Feeds

JBoss serves stuffed Eclipse IDE

New name, old support model

3 Big data security analytics techniques

Red Hat hopes to stand out from other vendors offering Eclipse-based Java tools by not discriminating between "free" and "useful" when it comes to features in its JBoss Developer Studio, released this week.

JBoss Developer Studio brings together a broad portfolio of open source tools not just from the Eclipse project but also technologies from Exadel, to be used with its JBoss Enterprise Application Platform.

Among the former Exadel offerings included are the RichFaces and Ajax4jsf that were released to the JBoss development community as JBoss RichFaces and JBoss Ajax4jsf. These are further supported by a JBoss Visual Page Editor for building Ajax-based applications and a technology preview of the RichFaces JSF component library.

The package, whose launch coincided with the year's last major Java event - Javapolis in Brussels, Belgium - also includes the new JBoss Seam framework and jBPM tools aimed at developers building web applications.

In addition to the JBoss and Red Hat developed components, JBoss Developer Studio includes support for the latest version of Eclipse - version 3.3 released this summer in the massive Europa program - and the latest iteration of the tools from the Web Tools Project (WTP) 2.0. Other supported Java development components include the Apache Struts 2 framework and the Spring framework.

Unlike some vendors, that provide a free yet cut-down Eclipse IDE to coax developers towards using the paid-version, Red Hat said it's giving developers everything in one hit with an open source license

Red Hat's JBoss unit claimed Developer Studio is the "first Eclipse-based development environment combining open source tooling and runtime for complete application lifecycles." In other words it integrates Java development tasks with application management.

The one place Red Hat does catch you on is support and on that all-important integration of tools and frameworks available from Jboss.com and other online places. The download price is $99.

If you want full support, it will cost you $3,500 for a professional-level subscription. You could, of course, do the legwork yourself, download the various components and integrate them on your own time.

One way to look at it, is that JBoss is charging developers an insurance premium to guarantee that the various components will work together "out of the box".

The launch comes at a time when Java tools are getting something of a boost. Following Sun Microsystems' decision last year to make future development of Java an open source project and a flurry of Java oriented activity this year from Eclipse, this month sees a bunch of new Java tools coming to market. In addition to JBoss Developer Studio, Jetbrains released version 3.0 of its TeamCity Java project management tool and Trolltech released a new version of its QT Jambi Java development framework.

JBoss Developer Studio originally went beta under the Red Hat Developer Studio name this August. According to Red Hat's JBoss unit, it rechristened the IDE to capitalize on the JBoss brand name and to, no doubt, stand out in this crowded market.

All of this Java activity and positioning during the normally fallow Holiday period could, of course, be linked to Microsoft's early release of Visual Studio 2008 last month with its marginally improved support for JavaScript debugging.®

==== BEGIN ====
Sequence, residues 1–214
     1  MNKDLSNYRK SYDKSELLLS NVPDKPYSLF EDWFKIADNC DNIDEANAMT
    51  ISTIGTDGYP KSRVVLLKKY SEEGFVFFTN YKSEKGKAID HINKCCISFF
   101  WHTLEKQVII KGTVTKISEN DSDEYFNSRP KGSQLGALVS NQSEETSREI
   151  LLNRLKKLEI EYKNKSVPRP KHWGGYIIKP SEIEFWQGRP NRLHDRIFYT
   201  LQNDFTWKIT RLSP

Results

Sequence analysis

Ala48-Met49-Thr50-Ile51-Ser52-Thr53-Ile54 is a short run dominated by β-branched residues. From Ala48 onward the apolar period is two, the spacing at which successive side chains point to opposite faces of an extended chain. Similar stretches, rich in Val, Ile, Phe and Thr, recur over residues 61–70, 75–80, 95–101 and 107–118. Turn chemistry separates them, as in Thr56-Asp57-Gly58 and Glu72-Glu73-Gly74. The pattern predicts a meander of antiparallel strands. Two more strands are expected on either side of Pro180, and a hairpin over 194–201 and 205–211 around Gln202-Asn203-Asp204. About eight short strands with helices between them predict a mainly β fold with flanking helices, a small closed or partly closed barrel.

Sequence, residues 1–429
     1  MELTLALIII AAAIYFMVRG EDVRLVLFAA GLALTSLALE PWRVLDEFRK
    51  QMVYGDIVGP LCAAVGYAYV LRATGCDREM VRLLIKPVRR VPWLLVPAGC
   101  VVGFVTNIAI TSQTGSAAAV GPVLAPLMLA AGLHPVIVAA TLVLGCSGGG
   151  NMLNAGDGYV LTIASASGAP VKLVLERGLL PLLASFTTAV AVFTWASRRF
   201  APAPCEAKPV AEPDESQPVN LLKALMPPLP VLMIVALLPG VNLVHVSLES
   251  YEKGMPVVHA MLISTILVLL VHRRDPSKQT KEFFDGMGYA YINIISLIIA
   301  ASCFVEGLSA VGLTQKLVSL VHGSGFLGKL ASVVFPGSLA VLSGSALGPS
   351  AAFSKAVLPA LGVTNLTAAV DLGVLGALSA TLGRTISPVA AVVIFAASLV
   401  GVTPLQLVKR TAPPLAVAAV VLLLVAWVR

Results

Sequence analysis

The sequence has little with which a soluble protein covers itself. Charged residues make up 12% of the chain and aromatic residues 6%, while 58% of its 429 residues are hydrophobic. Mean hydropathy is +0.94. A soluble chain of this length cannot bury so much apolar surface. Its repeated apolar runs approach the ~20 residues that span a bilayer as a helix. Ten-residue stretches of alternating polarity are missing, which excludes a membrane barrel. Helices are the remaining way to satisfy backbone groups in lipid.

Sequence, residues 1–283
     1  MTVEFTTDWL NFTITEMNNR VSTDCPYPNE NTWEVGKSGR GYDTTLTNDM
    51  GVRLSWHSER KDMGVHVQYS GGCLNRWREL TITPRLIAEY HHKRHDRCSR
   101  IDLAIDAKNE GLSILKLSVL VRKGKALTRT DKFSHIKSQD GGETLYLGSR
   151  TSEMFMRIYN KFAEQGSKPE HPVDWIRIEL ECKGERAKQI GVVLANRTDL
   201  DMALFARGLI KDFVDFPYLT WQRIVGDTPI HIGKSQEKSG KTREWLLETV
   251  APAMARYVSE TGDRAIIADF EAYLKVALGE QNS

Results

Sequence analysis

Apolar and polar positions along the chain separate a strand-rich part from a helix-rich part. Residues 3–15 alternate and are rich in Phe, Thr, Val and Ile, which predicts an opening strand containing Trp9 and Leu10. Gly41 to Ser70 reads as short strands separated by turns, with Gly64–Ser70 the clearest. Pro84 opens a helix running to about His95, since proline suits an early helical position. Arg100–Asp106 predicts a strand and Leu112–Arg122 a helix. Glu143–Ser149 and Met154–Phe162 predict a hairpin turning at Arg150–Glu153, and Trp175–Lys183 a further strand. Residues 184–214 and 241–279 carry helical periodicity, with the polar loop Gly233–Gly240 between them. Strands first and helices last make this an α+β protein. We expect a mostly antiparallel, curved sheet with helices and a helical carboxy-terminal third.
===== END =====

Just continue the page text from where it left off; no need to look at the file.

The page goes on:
Top three mobile application threats

More from The Register

next story
Next Windows obsolescence panic is 450 days from … NOW!
The clock is ticking louder for Windows Server 2003 R2 users
Ubuntu 14.04 LTS: Great changes, but sssh don't mention the...
Why HELLO Amazon! You weren't here last time
This time it's 'Personal': new Office 365 sub covers just two devices
Redmond also brings Office into Google's back yard
Half of Twitter's 'active users' are SILENT STALKERS
Nearly 50% have NEVER tweeted a word
Ditch the sync, paddle in the Streem: Upstart offers syncless sharing
Upload, delete and carry on sharing afterwards?
Microsoft TIER SMEAR changes app prices whether devs ask or not
Some go up, some go down, Redmond goes silent
Batten down the hatches, Ubuntu 14.04 LTS due in TWO DAYS
Admins dab straining server brows in advance of Trusty Tahr's long-term support landing
Red Hat to ship RHEL 7 release candidate with a taste of container tech
Grab 'near-final' version of next Enterprise Linux next week
Windows 8.1, which you probably haven't upgraded to yet, ALREADY OBSOLETE
Pre-Update versions of new Windows version will no longer support patches
prev story

Whitepapers

Mainstay ROI - Does application security pay?
In this whitepaper learn how you and your enterprise might benefit from better software security.
Combat fraud and increase customer satisfaction
Based on their experience using HP ArcSight Enterprise Security Manager for IT security operations, Finansbank moved to HP ArcSight ESM for fraud management.
The benefits of software based PBX
Why you should break free from your proprietary PBX and how to leverage your existing server hardware.
Top three mobile application threats
Learn about three of the top mobile application security threats facing businesses today and recommendations on how to mitigate the risk.
3 Big data security analytics techniques
Applying these Big Data security analytics techniques can help you make your business safer by detecting attacks early, before significant damage is done.